March is World Nutrition Month and we are celebrating by sharing some incredible knowledge and tips with you. As you know, collaboration is a huge part of our culture here at Raw Elements. You also likely know that our goal is always to inspire and educate those in our community. With these things in mind, we could not be more excited to present today’s blog post!
Below you will find comprehensive and easy-to-implement strategies for healthy eating and plant-based wellness from nine of our friends. We are grateful to the Raw Elements Ambassadors and Partners who took the time to share their expertise and insight with us, so that we could pass it along to YOU!
Michelle Wolfe – @muvelife
Nutrition is very important to me. The importance was rooted when my mom passed away from cancer when I was a young girl. I knew that living a full and healthy life would be much more likely if I placed importance on the quality of my food. I am a vegetarian who eats mostly plant-based foods. Here are a few ways in which I am able to maintain this diet:
- Plan ahead. I prepare and pack all snacks and meals in advance. This way, I am less likely to indulge in unhealthy food.
- Read labels. Although a packaged food may indicate that it’s plant-based, it doesn’t mean it’s healthy. I read labels to confirm the food I eat is low sugar and nutrient dense.
- Rotate foods. Eating too much of one thing can lead to food sensitivities. It also limits the variety of nutrients you can get from other foods.
- Listen to your body. If you feel unwell or develop unusual symptoms, listen to your body. It is trying to tell you something.
- Create your health team. Google doesn’t know everything. Team up with specialized health practitioners who can give you individualized advice.
Caroline Nash – @fittiebliss
When it comes to optimal health, nothing beats a varied diet full of whole, minimally processed food. By adopting a plant-based lifestyle you automatically support your beautiful machine of a body!
Here are my 5 top tips:
- “Taste the Rainbow”. Colourful plant-based foods are jam packed full of goodies, including phytonutrients, which help prevent disease.
- Combine foods. You can improve nutrient bioavailability by eating foods such as leafy greens with a healthy fat like avocado to increase the absorption of fat-soluble vitamins A, D, E & K.
- Keep it fresh. Nutrients are lost from produce as soon as it is harvested, so the fresher the better. Support your local farmer and reduce that carbon footprint!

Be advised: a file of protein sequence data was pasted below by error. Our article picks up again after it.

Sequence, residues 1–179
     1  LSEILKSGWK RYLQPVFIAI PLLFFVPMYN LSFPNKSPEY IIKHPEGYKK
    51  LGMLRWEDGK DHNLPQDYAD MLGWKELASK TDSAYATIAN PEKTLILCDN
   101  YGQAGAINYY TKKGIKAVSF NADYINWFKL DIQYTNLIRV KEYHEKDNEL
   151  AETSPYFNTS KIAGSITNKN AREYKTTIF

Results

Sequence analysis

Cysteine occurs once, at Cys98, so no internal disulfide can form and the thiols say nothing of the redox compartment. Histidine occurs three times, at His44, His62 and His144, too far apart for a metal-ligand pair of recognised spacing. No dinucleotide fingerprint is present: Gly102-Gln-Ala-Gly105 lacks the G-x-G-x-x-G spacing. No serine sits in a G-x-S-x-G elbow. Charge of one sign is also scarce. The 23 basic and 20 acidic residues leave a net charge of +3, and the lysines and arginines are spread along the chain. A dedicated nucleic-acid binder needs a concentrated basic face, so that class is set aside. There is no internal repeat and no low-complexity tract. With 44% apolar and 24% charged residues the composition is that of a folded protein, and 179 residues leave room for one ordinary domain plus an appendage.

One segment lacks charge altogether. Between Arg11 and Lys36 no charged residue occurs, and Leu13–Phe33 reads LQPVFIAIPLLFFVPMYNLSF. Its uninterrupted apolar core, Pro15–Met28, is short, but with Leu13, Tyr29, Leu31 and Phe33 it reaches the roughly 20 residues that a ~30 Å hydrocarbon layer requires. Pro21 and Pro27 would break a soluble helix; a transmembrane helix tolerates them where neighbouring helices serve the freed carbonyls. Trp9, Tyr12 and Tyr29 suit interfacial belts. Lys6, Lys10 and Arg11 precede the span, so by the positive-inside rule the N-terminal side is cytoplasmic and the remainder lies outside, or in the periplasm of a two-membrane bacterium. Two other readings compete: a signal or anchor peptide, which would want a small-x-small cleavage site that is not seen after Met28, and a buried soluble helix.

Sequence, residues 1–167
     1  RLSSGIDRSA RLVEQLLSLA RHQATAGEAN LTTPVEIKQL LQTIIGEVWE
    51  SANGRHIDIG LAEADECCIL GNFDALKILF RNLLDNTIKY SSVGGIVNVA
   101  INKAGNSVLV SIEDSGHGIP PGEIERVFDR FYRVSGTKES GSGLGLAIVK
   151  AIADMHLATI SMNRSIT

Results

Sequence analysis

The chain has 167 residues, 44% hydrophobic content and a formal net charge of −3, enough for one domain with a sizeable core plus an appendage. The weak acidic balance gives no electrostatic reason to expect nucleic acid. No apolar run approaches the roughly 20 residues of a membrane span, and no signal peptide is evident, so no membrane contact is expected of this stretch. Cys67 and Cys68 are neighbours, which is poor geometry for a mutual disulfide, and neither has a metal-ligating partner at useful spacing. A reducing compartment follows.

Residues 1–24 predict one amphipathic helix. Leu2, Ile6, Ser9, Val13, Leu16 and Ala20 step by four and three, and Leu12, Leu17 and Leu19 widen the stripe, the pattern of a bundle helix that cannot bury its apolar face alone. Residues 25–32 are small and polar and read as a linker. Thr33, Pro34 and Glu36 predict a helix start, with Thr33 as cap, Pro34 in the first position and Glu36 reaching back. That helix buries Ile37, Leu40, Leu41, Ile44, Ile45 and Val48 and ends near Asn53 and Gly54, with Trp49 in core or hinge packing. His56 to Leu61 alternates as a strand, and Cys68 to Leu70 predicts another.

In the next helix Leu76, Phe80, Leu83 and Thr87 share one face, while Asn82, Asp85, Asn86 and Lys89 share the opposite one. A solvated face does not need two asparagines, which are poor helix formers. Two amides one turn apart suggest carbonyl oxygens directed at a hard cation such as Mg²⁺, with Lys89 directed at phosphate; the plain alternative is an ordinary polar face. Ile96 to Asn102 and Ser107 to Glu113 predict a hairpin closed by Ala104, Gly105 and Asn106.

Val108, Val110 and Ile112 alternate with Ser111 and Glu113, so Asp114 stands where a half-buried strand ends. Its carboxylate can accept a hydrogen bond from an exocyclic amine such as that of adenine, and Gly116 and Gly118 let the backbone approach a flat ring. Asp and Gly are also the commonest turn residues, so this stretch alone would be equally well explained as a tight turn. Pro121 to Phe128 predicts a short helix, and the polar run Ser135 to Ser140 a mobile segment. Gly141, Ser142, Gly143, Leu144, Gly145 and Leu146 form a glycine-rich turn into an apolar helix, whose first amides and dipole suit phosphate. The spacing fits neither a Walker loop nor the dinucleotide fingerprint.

- Use natural pre-workout supplements. Coffee for example stimulates the central nervous system and cordyceps (a fungi) helps maintain steady energy. My go to is a Four Sigmatic Coffee and Cordyceps beverage.
- Fuel yourself post-workout. Your lovely muscles are like sponges and absorb the highest amount of nutrients after a training session where your muscles need to repair and replace glycogen stores. Consuming a protein and quicker absorbing carbohydrate will aid recovery. My go to is a smoothie made of Sunwarrior protein and fresh fruit.
Sukaina Bharwani – @healthandfoodjunkie
Nothing beats a vegan protein mocha latte with a little vegan chocolate treat! These have been my go to treats this winter.
I’m not completely vegan but I am trying to add more plant-based meals to my diet and opt for vegan based products where I can. There are a few non-vegan foods that I still enjoy, but I’m eating them in moderation and am more mindful of what I’m eating.
Following a more plant-based diet has numerous health benefits, including reducing the risk of many diseases, increasing cognitive health, and boosting antioxidant intake. Plus, there’s also the environmental benefits of reducing the consumption of animal and animal products, being more mindful of animal welfare, and sustainability.
Thinking about making the change? Take small steps – one meal at a time – to find foods that you enjoy and that will help make this a more sustainable lifestyle change. I believe that every little change can make a difference, so start there and see where it leads you.
A common question for many trying to adapt to a more plant-based diet is, “Where will I get my protein and iron from?” There are some great plant-based foods that can help here. For example, quinoa is considered a complete protein, as are hemp hearts, and a meal combining legumes and whole grains. There are also many plant-based foods that provide a good source of iron, too. Think dark green leafy vegetables, tofu, legumes, cashews, pumpkin seeds, sesame seeds, and black strap. Try to add a little citrus to your iron rich foods to help make them more bio-available and easier for the body to absorb.
Amber Romaniuk – @amberapproved
- Soak your nuts, grains, beans and seeds to improve digestibility.
- Chew your food slowly to support proper digestion.
- Hemp seeds, quinoa, buckwheat all are complete proteins. This means they contain all the amino acids that create a complete protein profile.
- Combine incomplete proteins like rice, beans, quinoa and lentils to make complete proteins.
- Be sure to monitor Vitamin B12 and iron levels. Add in foods like nutritional yeast or supplement with a B Complex and extra B12. Add in iron-rich foods including spinach, beans, lentils and whole grains.
- Take a high quality probiotic to support healthy gut flora levels. Some B vitamins are produced by the gut flora as well which support energy levels.
Amanda Gazzola – @amandagazzola
With the amount of information available on the internet today, there has been an explosion in the number of diets out there that claim to be the optimal way to eat. Paleo, keto, vegan and so on. Though the concept of consuming a vegan diet is certainly not new – many cultures have followed vegan or vegetarian diets for generations – the rise of social media, environmental awareness, and understanding of factory farming methods has led many to become interested in, or switch to, a vegan lifestyle.
Unfortunately, living a vegan lifestyle does have somewhat of a negative public perception when it comes to athletic performance, or even just building that lean, toned, muscular body, despite the growing number of performance athletes making the switch.
With that in mind, let’s go over a few of the nutrients and strategies that you need to be aware of to make sure you stay successful.